Great for aspiring doctors, these medical flash cards discuss the thyroid
There are 13 flash cards in this set (3 pages to print.)
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Sample flash cards in this set:
|Where is the thyroid gland located?||Highly vascularized, butterfly shaped gland located below the larynx.|
|Describe the function and control of the thyroid hormones?||Almost every cell in the body has receptors for the thyroid hormones -Generally, the hormones stimulates enzymes associated with glucose oxidation. -They then increase BMR, oxygen utilization, and heat production -They also play a role in nervous system tissue growth, the skeletal system, reproduction, and in blood pressure maintenance -Regulation occurs as the hypothalamus monitors hormone levels and stimulates the anterior pituitary to release TSH as needed.|
|What is the structure of the thyroid gland?||Highly vascularized, butterfly shaped gland -Consists of two lobes connected by an isthmus -There is sometimes a pyramidal lobe which extends superiorly from the isthmus -The majority of the gland is the thyroid follicles and follicular cells around them -These cells produce the glycoprotein, thyroglobulin and the two hormones which together make up the colloid. -Thyroxine(T4)Secreted at the highest levels -Converted in the lungs and the liver to T3(Based on how many iodides are attached) -Triiodothyronine(T3) -Released in lower quantities that T4 but it has 10 times the potency of T4 -Most is converted into T4 at the target cell.|
|What is Calcitonin(CT)?||This is also a thyroid hormone, but it is produced by the parafollicular cells(C cells) -It inhibits the breakdown of bone and it increases the bodies ability to increase the uptake of calcium and phosphate -The net result is that blood calcium and phosphate levels decreased -It decreases bone breakdown by decreasing osteoclastic activity -Although it is not known for sure, it is thought that calcitonin levels are regulated by(-) feedback and that blood calcium levels control calcitonin release with NO pituitary action. -This is more important hormone in children -It is antagonistic to parathyroid hormone(PTH)|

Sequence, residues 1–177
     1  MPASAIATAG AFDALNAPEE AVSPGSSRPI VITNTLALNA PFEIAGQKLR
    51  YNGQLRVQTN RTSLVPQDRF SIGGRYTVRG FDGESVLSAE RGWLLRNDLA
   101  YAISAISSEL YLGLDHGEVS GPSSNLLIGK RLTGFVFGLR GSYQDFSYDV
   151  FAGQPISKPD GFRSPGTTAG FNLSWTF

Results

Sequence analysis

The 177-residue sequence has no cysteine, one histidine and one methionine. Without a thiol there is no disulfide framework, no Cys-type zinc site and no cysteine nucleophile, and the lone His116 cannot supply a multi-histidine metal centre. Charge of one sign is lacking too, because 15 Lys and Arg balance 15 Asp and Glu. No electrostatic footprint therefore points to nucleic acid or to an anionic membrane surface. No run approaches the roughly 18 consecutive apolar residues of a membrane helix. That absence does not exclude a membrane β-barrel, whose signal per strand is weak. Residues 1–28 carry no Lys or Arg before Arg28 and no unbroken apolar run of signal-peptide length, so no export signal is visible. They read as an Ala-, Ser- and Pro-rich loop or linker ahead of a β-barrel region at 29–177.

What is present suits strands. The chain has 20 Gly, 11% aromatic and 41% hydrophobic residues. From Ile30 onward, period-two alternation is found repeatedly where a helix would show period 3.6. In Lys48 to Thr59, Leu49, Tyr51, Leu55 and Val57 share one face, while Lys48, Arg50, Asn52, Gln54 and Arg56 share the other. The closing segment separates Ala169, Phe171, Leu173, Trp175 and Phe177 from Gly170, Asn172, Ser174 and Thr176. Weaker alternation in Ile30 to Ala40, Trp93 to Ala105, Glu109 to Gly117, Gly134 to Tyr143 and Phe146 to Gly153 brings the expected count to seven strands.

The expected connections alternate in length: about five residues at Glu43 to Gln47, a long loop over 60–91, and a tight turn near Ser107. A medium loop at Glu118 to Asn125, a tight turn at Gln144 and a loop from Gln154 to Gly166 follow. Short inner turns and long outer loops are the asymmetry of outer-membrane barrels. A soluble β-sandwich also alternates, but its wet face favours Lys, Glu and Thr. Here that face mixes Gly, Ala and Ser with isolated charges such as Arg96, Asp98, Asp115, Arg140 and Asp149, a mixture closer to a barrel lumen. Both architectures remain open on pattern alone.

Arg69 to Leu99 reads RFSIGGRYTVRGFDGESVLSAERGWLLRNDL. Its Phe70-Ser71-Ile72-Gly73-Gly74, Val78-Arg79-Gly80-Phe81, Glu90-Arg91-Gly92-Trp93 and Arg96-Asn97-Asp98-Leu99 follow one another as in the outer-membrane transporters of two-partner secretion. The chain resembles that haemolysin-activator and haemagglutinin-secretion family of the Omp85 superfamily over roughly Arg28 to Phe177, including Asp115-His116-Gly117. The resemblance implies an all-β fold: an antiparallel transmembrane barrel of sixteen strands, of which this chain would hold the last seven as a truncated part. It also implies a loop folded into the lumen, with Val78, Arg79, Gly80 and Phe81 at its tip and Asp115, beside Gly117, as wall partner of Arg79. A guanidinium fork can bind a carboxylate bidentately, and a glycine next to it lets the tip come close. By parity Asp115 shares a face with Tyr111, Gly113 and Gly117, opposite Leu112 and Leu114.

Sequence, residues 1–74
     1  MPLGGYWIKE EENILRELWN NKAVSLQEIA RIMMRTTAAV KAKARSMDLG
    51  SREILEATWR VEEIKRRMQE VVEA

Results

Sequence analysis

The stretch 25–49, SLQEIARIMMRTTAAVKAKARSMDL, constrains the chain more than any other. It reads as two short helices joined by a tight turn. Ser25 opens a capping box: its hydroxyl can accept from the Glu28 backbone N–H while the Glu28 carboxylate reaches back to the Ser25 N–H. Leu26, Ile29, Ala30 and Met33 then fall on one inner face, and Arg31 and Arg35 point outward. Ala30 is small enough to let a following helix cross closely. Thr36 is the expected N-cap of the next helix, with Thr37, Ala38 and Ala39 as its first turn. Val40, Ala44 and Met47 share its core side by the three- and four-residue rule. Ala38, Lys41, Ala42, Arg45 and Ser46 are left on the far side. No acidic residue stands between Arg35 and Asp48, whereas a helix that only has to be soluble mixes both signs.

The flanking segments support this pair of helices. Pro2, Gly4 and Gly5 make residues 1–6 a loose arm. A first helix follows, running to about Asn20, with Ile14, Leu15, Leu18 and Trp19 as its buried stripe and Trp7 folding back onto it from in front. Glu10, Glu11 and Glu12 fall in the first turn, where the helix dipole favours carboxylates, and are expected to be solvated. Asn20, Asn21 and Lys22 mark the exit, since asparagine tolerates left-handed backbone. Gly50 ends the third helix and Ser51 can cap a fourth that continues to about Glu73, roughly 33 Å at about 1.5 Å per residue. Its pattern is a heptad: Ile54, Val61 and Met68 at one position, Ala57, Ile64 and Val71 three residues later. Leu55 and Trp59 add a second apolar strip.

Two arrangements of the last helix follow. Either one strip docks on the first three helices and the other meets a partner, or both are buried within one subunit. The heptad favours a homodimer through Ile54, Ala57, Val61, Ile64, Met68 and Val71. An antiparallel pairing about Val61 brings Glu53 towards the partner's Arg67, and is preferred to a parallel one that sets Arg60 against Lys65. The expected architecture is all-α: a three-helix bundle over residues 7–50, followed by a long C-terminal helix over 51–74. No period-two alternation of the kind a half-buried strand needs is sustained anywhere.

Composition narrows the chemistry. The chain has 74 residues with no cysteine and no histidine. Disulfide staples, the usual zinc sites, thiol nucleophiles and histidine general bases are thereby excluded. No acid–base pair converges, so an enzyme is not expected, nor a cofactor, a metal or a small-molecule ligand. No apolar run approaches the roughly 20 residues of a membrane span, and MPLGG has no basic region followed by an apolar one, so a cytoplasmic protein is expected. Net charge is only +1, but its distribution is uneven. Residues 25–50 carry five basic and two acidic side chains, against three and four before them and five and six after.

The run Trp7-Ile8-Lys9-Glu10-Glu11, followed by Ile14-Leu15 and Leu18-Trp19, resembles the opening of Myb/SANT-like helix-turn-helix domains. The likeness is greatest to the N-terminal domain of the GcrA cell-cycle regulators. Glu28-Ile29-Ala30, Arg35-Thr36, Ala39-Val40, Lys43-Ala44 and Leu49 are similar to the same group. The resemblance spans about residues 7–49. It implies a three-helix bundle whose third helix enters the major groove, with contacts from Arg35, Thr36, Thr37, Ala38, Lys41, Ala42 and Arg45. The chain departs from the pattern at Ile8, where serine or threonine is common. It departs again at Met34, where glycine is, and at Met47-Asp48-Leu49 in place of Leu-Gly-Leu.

|Describe the synthesis of Hormones in the thyroid?||Follicular cells produce thyroglobulin which is released into the lumen of the follicles as COLLOID which are pigs for Iodide -Iodide(I-) is trapped from the bloodstream and is converted to I2 and secreted into the follicle(Attachment of Iodine to tyrosine to form T1 and T2 occurs in the follicle.|
|Where is the parathyroid glands located?||These are imbedded with the lateral lobes of the thyroid gland, usually superior and inferior fashion on the posterior surface|
|What cells produce parathyroid hormone(PTH)?||Chief cells and Oxyphil cells|
|Where are the adrenal glands located?||located just superiorly to the kidneys -Also called the suprarenal glands|
|Describe Chief cells and oxyphil cells?||Chief cells although smaller, are the most numerous and are the primary synthesizer of parathyroid hormone(PTH) which antagonistic to calcitonin. -Oxyphil cells thought to be a reserve producer of PTH, but are not fully understood.|
|Describe the anatomy of the adrenal glands?||They are highly vascularized -The glands can be divided into an outer cortex and an inner medulla -The adrenal cortex can be divided further into three zone: Zona Glomerulosa, Zona Fasiculata, and Zona Reticularis|
|Describe parathyroid hormone(PTH)?||PTH and calcitonin are antagonistic -Must then also be important in blood calcium and phosphate homeostasis -PTH will increase osteoclastic activity(this increases calcium and phosphate in the blood) -Increase calcium and magnesium reabsorption from the kidneys -Calcium is vitally important for: Blood clotting, muscle contractions, Nerve conduction -Increased calcium absorption from the gut by promoting the formation of the active form of vitamin D(Calcitriol) -Increases urine phosphate excretion -The net effect of PTH is to increase levels of calcium and magnesium and to decrease the levels of phosphate in the blood.|
|What are the three groups of hormones produced by the glomerulosa, fasiculata, and reticularis? Give an example of each||1)Zona Glomerulosa=Mineralcoticoids(Aldosterone) 2)Zona Fasiculata=Glucocorticoids(Cortisone) 3)Zona Reticularis=Gonadocorticoids(Estrogens & Androgens)|
|What is the function of aldosterone and how does it accomplish this function?||Aldosterone acts on the kidney tubule cells to increase sodium reabsorption and to increase the excretion of potassium -It can provide very precise control over these electrolytes as the effects only last ~20 minutes. -H+ loss -Cl- and HCO3 reabsorption -Water reabsorption via osmosis|